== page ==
Studio sets and upload guidelines

Please read carefully before uploading your models on CGMood.

We are here to keep the standards high, and previews play an important role: they should portray your object in a natural way, not altering its original colours, while showing nice, soft shadows.
You are free to use your own studio set, but since we want our gallery to follow a common rule, we strongly suggest you start from here. This is to give our gallery a common, pleasant look with more shadows and atmosphere.

Our studio sets include:

Do NOT include the set and other objects - such as cameras or lights - in the archive when uploading.


Light setup

Our sets use a 3-light configuration, each of a different intensity to produce shadows directionality.

Examples

Light background

A light background helps you see objects along with the behavior of the light itself. Use it when you want your dark subjects to pop-out from the image.

Dark background

A dark background helps when your main subjects are bright and you want them pop-out from the image.

Composition

When you are uploading a single object, it is useful to duplicate it several times to fill the empty space and let people see it from different angles.

Infinite plane

You may use the infinite plane set to show smaller, de-contextualized objects.

Set customization

Feel free to customize the sets or make your own, respecting our lighting guidelines.

Colors customization

You are free to alter the colors and materials of our sets to play with color theory.

Materials

When you are presenting materials, you may also alter the background color.

Contextualized Materials

Sometimes the material ball is not enough to describe the behaviour of a surface.

Post-production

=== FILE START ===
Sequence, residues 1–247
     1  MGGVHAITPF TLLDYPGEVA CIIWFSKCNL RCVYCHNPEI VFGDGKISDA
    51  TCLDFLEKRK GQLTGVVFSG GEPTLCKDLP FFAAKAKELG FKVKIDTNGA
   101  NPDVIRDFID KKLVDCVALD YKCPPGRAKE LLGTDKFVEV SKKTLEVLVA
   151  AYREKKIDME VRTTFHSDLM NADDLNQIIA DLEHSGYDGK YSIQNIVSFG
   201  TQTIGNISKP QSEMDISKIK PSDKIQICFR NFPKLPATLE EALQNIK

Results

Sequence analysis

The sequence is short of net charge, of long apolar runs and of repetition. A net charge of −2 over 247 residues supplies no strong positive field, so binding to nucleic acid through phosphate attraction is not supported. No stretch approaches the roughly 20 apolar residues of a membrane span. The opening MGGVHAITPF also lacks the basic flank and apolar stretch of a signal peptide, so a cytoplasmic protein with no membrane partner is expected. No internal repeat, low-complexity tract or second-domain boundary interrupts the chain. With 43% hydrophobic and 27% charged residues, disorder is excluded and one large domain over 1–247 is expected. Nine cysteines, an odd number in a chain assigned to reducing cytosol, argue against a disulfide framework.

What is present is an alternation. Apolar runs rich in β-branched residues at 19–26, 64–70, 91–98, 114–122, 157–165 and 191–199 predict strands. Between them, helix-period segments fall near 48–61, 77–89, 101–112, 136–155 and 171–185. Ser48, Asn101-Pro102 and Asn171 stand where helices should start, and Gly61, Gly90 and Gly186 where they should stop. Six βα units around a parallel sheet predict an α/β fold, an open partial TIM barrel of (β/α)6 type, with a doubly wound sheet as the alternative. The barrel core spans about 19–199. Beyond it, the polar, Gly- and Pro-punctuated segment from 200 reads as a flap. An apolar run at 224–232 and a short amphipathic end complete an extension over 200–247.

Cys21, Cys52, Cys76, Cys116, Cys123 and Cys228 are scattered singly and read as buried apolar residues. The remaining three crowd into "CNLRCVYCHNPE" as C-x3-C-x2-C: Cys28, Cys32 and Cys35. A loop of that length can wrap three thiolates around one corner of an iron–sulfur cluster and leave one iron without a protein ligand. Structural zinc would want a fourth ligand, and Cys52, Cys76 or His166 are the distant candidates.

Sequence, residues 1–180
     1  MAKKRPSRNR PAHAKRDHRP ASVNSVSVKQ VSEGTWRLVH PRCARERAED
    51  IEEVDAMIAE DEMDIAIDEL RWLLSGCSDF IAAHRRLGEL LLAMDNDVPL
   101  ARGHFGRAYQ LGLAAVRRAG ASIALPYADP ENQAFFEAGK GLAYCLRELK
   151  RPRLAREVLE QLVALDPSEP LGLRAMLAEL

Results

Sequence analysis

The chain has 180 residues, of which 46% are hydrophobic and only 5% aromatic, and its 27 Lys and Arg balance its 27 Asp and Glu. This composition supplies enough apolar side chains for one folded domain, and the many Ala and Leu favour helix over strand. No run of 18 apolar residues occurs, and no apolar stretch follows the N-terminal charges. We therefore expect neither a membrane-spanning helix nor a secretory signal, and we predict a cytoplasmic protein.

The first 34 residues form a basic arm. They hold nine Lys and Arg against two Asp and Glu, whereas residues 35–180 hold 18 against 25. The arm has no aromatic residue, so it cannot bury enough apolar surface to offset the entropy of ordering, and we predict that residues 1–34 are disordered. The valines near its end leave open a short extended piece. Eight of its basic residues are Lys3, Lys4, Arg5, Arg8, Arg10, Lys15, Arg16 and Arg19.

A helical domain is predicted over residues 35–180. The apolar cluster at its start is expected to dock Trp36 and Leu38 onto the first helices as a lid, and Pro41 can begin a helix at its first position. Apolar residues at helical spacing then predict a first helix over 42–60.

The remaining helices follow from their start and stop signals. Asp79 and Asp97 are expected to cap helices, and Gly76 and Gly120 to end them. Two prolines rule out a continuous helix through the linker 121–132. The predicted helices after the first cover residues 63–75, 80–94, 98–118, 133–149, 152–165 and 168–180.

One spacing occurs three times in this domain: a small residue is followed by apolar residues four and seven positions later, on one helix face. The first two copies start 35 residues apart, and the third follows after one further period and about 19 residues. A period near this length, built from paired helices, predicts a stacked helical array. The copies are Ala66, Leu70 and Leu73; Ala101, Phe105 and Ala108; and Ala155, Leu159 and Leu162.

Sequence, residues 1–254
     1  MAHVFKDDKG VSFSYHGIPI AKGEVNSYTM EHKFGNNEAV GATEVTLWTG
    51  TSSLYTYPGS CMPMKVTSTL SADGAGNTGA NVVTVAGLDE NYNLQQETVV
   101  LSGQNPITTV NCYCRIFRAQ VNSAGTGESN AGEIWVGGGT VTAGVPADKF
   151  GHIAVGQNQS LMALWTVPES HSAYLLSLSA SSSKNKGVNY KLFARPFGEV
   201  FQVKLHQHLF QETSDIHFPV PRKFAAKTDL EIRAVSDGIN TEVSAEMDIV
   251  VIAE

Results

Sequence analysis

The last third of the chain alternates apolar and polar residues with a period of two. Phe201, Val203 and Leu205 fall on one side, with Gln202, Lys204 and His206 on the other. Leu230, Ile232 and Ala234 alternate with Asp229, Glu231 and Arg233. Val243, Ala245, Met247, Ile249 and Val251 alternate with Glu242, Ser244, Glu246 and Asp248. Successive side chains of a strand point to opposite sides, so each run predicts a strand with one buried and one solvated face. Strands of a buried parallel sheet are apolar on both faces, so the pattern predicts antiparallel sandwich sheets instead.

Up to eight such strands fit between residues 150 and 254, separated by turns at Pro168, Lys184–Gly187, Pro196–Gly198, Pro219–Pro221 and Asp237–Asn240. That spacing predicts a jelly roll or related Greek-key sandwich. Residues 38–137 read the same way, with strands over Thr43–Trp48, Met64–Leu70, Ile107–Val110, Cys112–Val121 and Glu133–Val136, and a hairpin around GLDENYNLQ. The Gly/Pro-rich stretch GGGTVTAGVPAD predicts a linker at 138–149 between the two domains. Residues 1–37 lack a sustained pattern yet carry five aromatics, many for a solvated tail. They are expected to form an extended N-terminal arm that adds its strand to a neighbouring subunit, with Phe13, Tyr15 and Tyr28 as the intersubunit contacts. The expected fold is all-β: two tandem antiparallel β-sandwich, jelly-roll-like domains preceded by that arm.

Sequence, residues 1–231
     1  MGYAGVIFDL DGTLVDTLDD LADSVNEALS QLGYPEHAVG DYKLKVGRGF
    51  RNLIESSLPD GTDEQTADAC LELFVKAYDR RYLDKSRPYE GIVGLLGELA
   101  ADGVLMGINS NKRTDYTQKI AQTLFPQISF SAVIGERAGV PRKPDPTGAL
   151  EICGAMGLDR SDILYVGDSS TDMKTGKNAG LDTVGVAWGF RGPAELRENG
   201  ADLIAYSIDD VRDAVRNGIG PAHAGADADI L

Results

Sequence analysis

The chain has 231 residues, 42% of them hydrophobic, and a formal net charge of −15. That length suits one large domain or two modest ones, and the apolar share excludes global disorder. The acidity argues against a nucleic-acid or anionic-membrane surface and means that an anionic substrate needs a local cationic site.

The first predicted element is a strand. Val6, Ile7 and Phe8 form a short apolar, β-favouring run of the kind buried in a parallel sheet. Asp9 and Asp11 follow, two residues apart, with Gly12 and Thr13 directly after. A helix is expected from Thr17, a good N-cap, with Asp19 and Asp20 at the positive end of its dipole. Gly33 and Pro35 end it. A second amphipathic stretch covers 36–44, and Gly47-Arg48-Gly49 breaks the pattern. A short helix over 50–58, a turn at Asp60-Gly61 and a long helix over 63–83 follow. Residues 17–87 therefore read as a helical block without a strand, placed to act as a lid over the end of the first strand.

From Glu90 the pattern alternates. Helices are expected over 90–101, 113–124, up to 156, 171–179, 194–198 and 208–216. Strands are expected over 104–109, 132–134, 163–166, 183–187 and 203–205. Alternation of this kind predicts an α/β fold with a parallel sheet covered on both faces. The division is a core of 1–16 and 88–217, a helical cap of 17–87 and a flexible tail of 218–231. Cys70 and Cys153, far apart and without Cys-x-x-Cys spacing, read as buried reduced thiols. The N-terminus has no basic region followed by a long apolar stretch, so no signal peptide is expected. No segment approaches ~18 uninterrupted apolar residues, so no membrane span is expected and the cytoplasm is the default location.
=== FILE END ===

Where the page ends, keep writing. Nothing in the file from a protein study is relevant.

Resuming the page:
Don't forget that your monitor is different from other people monitors. You should always be checking the Levels and Curves of your raw render, and adjust them according to the histogram.
In most cases, nearly everything can be done using Curves. Below are some typical Curves.

Type A

Standard contrast curve

Apply this kind of curve to get an overall contrast with darker shadows and brighter whites.

Type B

Brightness without affecting shadows

Apply this kind of curve to get some contrast and brightness, but you have some dark areas that you want to leave untouched.

Type C

Generic brightness increase

Apply this kind of curve if your image has enough contrast already, but it lacks some brightness.

Type D

Shadow boost

Apply this kind of curve if your image is already bright but it needs some blacks.

Raw render output

It's ok, but would use some slight contrast.

Post-processed image

We applied a type B curve to slightly increase the whites without affecting dark tones.

Also, your previews should:


Archive structure

It is mandatory to include all the needed files, formats and textures.

There is no specific rule about your archive structure. However a clean and intuitive organization sure helps a lot.

Below is an example of a correct archive:

  • my-lamp.zip

  • my-lamp.obj (OBJ or FBX format is required)
  • my-lamp-fstorm.max (For compatibility purposes, save the file for an older version. For example, if you use 3dsmax 2018, you should save the file as 2015)
  • my-lamp-vray.max
  • /textures
    • brushed_steel.jpg
    • wood_diffuse.jpg
    • wood_bump.jpg
    • wood_specular.jpg

Provide useful information

The more useful information you provide, the more your model will be easy to find for other users.

Provide useful tags, description and links. Not quantity, but quality information.


What makes a good 3D model?

The moderation process is based on a set of very objective rules:

  • Modeling quality
  • Presentation quality (thumbnail and other renders)
  • Complexity of the subject
  • Shaders and textures quality and resolution
  • Similarity with the manufacturer's product (if your 3D model is a reproduction of an existing product)